“That’s not funny!” James’ face looked really cross—eyes narrowed, voice angry and I think I saw steam come out of his ears. James loves to prank me but I don’t think he liked being the one who gets tricked.

I removed the cucumber from my mouth. “Now you know how I feel when you prank me! Hahaha!”

“You didn’t prank me. I was just surprised how horrible you look today!”

“I did scare you, James. Or maybe you were just surprised. I dunno which but it was funny!”

James still didn’t look like he saw the funny part of it. He used to laugh a lot more when we played together but now he’s all serious a lot of the time because he’s bigger than me. And he tells me a lot that he is ten now, which I haven’t forgotten. I think James would have thought the cucumber smile was funny when he was nine but it seems like he lost some of his funniness when he turned ten. Maybe things change when your age is two numbers instead of one. I like being eight.

“I’m bored. Wanna play a game?”

“No,” James answered quickly, then began kicking his football again against the fence.

“I heard it’s going to rain today.”

James looked at the blue sky. “It’s not.”

“Mum said. She said it’s going to rain any minute.”

“It won’t rain. Go inside, Effie. I wanna play football.”

“Can I play football with you?”


“I’m bored, James.”

“I’m practicing my football skills. Go be bored inside.”

“It’s going to rain soon, James. Then you’ll be bored, too!”

I turned and walked back inside. 

“It’s not raining yet,” I informed my mother.

“Okay. Thanks for the update, lovely.”

“I don’t like Sundays.”

My mother stopped tapping on her keyboard and looked at me. “Effie, why do you not like Sundays? You say that every week.”

“Not every week. But most Sundays. It’s just that Sundays is when the weekend is over and we have to go back to school.”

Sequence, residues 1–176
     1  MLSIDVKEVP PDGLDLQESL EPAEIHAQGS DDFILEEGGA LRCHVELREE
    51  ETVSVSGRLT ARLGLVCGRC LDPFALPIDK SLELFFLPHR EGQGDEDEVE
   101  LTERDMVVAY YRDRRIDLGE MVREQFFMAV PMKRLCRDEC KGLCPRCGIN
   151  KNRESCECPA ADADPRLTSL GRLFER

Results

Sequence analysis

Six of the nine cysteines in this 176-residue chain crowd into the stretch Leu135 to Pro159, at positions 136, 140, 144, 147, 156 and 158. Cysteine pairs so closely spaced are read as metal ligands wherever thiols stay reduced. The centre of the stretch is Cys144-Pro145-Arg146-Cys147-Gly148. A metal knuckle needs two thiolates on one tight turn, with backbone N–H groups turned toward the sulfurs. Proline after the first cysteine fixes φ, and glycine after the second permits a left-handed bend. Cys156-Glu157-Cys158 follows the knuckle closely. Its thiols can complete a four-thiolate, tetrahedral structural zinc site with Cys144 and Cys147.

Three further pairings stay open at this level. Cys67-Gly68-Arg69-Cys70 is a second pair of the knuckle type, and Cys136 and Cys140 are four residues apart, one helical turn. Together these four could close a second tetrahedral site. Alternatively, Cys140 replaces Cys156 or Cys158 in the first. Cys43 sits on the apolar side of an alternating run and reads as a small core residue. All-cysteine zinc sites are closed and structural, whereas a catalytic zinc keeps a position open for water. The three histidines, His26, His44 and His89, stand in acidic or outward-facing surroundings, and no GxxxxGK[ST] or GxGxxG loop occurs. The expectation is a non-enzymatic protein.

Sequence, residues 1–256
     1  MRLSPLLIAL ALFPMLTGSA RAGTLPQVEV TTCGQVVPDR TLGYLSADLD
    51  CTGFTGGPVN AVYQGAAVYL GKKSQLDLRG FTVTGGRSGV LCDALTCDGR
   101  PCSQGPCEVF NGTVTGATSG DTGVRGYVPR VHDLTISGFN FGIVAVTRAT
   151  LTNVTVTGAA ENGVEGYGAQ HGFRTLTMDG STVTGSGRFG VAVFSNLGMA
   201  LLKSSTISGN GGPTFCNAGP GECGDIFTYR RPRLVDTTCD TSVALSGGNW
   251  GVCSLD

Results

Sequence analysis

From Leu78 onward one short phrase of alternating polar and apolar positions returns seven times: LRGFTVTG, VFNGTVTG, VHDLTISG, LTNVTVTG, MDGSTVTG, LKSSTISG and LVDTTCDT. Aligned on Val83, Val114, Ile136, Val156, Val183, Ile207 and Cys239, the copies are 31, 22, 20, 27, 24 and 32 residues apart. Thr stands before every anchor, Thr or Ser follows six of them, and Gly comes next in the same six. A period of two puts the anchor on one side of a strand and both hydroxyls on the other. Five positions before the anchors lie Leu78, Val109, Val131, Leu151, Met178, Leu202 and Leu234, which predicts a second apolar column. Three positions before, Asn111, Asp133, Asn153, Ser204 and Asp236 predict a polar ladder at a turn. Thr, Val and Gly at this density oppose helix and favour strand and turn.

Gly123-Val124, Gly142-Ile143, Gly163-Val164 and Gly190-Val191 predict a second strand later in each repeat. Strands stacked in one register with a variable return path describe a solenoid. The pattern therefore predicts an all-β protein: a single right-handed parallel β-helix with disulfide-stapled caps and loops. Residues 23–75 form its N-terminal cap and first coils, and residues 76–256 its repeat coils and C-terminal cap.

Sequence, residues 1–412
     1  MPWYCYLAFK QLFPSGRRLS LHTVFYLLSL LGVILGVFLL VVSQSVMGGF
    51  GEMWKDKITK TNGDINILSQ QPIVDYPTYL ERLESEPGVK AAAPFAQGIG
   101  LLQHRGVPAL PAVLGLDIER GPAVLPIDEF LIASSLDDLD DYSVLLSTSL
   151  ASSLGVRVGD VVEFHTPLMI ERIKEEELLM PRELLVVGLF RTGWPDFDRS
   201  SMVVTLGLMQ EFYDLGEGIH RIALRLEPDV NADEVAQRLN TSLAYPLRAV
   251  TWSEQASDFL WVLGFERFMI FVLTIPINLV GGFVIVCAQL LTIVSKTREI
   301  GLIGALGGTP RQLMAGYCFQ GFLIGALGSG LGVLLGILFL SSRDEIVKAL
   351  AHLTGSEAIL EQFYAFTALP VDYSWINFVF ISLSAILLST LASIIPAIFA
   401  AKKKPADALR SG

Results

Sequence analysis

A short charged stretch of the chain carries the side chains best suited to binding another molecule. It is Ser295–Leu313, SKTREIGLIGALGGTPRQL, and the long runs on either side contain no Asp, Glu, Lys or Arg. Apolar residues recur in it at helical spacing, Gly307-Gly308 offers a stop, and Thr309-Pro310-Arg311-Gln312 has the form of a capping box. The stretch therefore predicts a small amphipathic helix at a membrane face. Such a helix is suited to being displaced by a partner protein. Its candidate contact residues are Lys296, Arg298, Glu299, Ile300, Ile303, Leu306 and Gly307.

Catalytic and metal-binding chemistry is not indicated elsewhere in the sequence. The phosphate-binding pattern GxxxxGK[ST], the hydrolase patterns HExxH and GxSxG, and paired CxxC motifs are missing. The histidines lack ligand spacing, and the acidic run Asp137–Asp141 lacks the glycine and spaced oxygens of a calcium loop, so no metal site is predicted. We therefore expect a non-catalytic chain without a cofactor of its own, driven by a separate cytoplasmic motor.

“That doesn’t make sense. You have two whole days off at the weekend: Saturday and Sunday. You have all of Sunday to relax and have fun. You don’t have to think about school until Mondays.”

“But we’re not even at school now!” I said.

“Yes, at the moment you are staying home. All the kids are staying home. But you still have schoolwork to do—it’s just you learn at home. Miss Wolf wants you to do your homework and learn new things.”

“It’s not the same,” I said. “I don’t get to see Ruby and Zara. I miss my best-friends.”

“I know, sweetheart. But you’ll see them soon. And you can ring them. Do you want to use my phone?”

“Maybe later,” I said. “I’m going to get my paints out and paint some pictures.”

“Sounds good, lovely. I’ll just finish this project then you and James and I will go for a walk. We’ve not been out for—”

“I know—we’ve not been out for our daily walk. That’s another reason not to like Sundays. We now don’t go to the park on Sundays or meet our friends. We go out for a walk once a day. That’s not fun.”

“It’s just for a little while, Effie. We’re all just staying home for a while then we’ll go back to school and work when everyone else does. You know all this. Remember last week when we made rainbows for the essential workers who look after us?”

“I remember. I loved making the rainbows.”

“Great! So you go paint more rainbows, then we’ll go for a walk.”

“You said it was going to rain.”

“We’ll go out before the rain starts.”

I ran to the front window. “No rain yet! I’ll be in my room.” Then I ran upstairs.

I pulled on my purple apron, put some paper on my desk and got out my paints. Then I sat down and looked out my window for something to paint.

The sky was blue and I could see a bird in the tree outside our house. So I used a big brush to paint the blue sky. Dipping the brush in brown, I painted the tree trunk and branches. Then I got my thin brush to paint the bird…but the bird flew away!

I looked at my half-finished painting of the tree and sky but no bird. It was boring without the bird.

I looked out the window again. A big white cloud was floating in the sky. It looked like a huge scoop of vanilla ice-cream. Yummy! So I dipped my brush in white paint and splodged dollops of white in the blue sky. There was no bird but the fluffy cloud made my picture much prettier.

I wanted the bird to fly back. It was a bright blue and black and white bird with a yellow beak. I could try to paint it from memory but I couldn’t remember if it had a blue head, white wings and a black tail…or if it had a black head, blue wings and a white tail. I gave up on the bird.